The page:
As wonderful as Nat Geo is, its country-wide range complicates things for beginners. Also, it and Sibley's still sport paintings.

Personally, I like Peterson's in the field, the big Sibley's in the car, and Pete Dunne's "Essential Field Guide Companion" at home. The three present a 3-D identification process: Peterson tells me what to look for in the field, Sibley shows me what it'll look like when I get there, and Dunne explains what the bird was was doing, providing handy mnemonics for the future.

birdchaser said...

I used the Old Peterson in part because I wanted to see if it was easier for the students to flip through 60 plates rather than 400+ pages to find their bird.

Birding is Fun! said...

Awesome experiment Rob. I hope you'll do more tests like these and report on them on the blog. Fascinating. I am traveling in the east this week and I brought along my new Stokes guide. I had to choose it or my Nat Geo 4th Ed. or my latest edition Peterson to cover the east. I've been enjoying the Stokes guide. I also wonder if new birders like paintings or photos better. I know my kids like the photos. I like pretty photos too, but lean toward Sibley style paintings for i.d. challenges.

Bird Feeders said...

What a great experiment! I have found mixed results when teaching people how to use field guides for the first time. Some people prefer to use actual photographs while others do better with paintings such as in Sibley's or Peterson's. Personally, I think the paintings do a better job at portraying a "typical" bird of a given species.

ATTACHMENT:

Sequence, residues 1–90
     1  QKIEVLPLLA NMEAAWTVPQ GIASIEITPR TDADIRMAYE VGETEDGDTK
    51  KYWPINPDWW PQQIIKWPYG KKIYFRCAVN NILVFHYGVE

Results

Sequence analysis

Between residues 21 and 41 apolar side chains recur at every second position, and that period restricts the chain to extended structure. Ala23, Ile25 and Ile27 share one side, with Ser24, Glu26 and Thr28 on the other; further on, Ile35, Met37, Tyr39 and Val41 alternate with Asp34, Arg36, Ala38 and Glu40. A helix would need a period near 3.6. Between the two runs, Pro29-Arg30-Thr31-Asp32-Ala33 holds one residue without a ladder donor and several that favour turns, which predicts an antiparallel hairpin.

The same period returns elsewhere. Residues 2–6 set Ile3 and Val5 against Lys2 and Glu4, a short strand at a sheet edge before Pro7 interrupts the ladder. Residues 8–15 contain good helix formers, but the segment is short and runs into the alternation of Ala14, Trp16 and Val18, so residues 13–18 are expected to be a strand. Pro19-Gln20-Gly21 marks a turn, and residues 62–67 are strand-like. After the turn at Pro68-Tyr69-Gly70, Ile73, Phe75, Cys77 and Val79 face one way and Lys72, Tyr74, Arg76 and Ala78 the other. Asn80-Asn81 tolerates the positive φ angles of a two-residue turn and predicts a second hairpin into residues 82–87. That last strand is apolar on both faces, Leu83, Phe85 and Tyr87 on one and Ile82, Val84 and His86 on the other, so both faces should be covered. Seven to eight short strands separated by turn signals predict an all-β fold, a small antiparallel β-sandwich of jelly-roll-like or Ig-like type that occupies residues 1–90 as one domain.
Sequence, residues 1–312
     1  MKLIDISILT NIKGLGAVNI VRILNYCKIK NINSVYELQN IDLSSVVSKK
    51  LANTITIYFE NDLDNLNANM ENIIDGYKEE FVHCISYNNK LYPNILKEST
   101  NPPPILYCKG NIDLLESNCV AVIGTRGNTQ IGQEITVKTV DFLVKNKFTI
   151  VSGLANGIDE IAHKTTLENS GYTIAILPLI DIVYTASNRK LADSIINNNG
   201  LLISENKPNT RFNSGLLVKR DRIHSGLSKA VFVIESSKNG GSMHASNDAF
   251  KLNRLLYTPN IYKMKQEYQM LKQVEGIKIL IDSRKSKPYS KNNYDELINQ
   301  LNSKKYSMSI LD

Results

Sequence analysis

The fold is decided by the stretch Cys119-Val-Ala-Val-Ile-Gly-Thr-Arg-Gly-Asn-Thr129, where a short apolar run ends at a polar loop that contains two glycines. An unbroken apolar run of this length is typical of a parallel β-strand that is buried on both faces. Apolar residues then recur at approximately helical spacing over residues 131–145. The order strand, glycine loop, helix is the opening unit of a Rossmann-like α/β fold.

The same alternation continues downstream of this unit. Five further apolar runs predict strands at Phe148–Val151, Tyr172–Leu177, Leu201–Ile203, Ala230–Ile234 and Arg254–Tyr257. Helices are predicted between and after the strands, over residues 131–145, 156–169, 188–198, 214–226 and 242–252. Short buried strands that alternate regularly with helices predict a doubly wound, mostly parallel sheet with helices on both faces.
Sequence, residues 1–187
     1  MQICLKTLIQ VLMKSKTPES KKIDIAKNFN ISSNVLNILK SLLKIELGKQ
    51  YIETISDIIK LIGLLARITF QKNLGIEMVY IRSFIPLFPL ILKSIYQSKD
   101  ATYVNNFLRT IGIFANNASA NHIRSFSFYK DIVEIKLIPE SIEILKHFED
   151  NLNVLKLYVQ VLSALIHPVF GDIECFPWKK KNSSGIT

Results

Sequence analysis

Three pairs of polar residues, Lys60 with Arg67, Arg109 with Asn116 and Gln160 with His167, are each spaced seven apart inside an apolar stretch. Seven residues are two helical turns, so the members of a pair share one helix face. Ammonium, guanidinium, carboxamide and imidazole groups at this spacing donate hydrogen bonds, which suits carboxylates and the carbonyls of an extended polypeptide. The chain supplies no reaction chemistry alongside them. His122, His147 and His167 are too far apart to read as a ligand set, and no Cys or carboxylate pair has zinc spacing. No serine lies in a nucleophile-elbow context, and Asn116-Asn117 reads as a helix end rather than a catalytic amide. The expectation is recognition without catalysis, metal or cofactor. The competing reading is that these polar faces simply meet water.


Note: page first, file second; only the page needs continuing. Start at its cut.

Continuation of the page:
Grant McCreary said...

What a great idea for an experiment (even an "unscientific" one). I'm also a little surprised by the results.

As for features, I'd have to think about it some more, but I think there are two main ones for me. I love the annotated arrows used by Sibley and the latest regional NatGeo's. It's a great way of indicating the important things to look for quickly and easily.

The second thing is variation. I can imagine that the big Sibley or NatGeo could be intimidating because of all the variation shown. But I love it, and appreciated it even as a new birder (I used Sibley, as I still do). There's nothing more frustrating to me than seeing something that doesn't look like anything in the guide. Showing more possible variations will reduce that. The paintings-based guides seem to show more variation than their photo counterparts, but it seems like the new Stokes may buck that trend.

Hilke Breder said...

Looking briefly at my field guides the National Geographic 5th ed looks most thumbed. The Sibley's is great for at home. The Peterson's is old and held together with duck tape, keeping it for sentimental reasons. I love the electronic field guides for identifying bird songs. I am lookikng forward to getting the new Stokes.

Rick Wright said...

The game I love to play in my courses is to put up a slide of a juvenile Townsend's Solitaire and pass out the field guides: it's a real eye-opener for many beginners (and for not a few more experienced birders) to discover that that common bird is UNIDENTIFIABLE with the "help" of many, many of the available field guides.

metaspencer said...

I'd second the suggestion of All the Birds. It's not only easy to use, but has a strong conservation angle.